The Abenaki Council of Odanak and its Environment and Land Office (BETO) are proud to announce the construction of a brand new ecocentre in their community. The new facilities, which will begin construction in mid-May, will also be made available to the neighbouring municipalities of Saint-Elphège, Saint-François-du-Lac and Pierreville. As a result, nearly 5,000 people will be able to benefit from this new service as of next July, responding to the growing interest and concern for environmental protection.

This ambitious project will be made possible in part through funding from Aboriginal Services Canada (ASC). The Honourable Seamus O’Regan, Minister of Aboriginal Services, has nothing but good things to say about the latter: “Congratulations to the Abenakis of Odanak for this eco-responsible and unifying project. The Government of Canada is proud to support this initiative, which will contribute to the prosperity and self-sufficiency of residents of the community and surrounding municipalities. ”The new eco-centre is above all a project that caps the environmental efforts made since the closure of the region’s largest illegal dump almost three decades ago. Indeed, the establishment of such an infrastructure represents a significant advance for waste management in the sector since access to nearby ecocentres (Drummondville and Pierre de Saurel) is an unlikely alternative. In 2018, BETO had prepared a portrait of the community’s needs by evaluating the use and traffic of the mixed materials recovery centre already in place. The clear results of this analysis and the evaluation of partnership opportunities have made it possible to set up a system adapted for the future ecocentre and an intermunicipal collaboration project. The Chief of the Odanak community, Mr. Rick O’Bomsawin, says he is very happy to see this project finally come to fruition. “All efforts, big or small, allow us to honour our roles and responsibilities as guardians of this land. In addition, we believe that working with neighbouring municipalities reinforces the positive impact that this recycling initiative will have on our lands. “This opinion is shared by the mayor of the municipality of St-François-du-Lac, Pascal Théroux, who says he is proud to have a good collaboration with the community of Odanak since “it has helped to meet an urgent need, namely the adequate elimination of various materials, at a reasonable cost and accessible near our territory”.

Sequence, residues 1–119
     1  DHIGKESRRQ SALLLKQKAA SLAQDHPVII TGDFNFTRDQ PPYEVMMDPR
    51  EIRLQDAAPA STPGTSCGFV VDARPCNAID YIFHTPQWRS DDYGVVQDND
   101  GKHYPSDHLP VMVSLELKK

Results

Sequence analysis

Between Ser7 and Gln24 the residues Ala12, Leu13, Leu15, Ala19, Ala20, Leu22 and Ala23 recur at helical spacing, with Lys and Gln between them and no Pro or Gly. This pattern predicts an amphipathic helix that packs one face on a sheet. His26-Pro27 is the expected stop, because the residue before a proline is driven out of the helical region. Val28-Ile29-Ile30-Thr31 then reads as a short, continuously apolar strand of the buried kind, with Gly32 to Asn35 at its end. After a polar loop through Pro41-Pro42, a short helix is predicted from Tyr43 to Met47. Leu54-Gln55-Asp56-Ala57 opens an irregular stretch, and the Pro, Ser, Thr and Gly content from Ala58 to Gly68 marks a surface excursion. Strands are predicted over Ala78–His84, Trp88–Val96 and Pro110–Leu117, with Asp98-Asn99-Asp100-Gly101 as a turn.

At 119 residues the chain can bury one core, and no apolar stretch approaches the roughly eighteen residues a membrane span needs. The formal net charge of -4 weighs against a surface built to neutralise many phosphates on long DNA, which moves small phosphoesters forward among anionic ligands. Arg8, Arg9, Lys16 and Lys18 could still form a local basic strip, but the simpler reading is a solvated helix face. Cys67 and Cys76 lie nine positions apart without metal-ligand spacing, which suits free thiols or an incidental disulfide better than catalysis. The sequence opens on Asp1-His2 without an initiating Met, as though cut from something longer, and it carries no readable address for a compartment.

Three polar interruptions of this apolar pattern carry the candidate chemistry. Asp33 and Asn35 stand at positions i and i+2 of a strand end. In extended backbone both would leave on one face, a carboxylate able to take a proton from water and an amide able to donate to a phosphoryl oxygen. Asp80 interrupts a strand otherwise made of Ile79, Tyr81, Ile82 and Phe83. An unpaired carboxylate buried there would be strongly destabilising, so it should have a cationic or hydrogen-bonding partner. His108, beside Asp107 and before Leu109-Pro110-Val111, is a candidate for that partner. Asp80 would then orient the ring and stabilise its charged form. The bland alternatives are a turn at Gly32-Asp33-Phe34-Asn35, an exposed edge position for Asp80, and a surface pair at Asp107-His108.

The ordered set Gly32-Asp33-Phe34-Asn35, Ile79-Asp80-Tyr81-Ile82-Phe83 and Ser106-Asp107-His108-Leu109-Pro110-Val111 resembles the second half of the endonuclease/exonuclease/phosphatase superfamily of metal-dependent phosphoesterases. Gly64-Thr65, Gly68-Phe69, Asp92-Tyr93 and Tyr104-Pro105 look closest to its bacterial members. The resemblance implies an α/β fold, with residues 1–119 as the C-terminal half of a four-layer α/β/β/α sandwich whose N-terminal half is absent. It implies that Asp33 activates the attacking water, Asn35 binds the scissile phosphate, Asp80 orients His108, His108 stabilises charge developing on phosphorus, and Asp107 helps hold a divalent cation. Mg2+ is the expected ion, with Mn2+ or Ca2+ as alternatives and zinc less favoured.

The development of this partnership is not only intended to be a platform for mutual assistance and cooperation that promotes ties between Aboriginal people and Allochthones, but also to provide the Odanak community with the opportunity to further sort materials at source through diversified recycling channels, in addition to achieving greater financial autonomy in the management of large waste and mixed materials.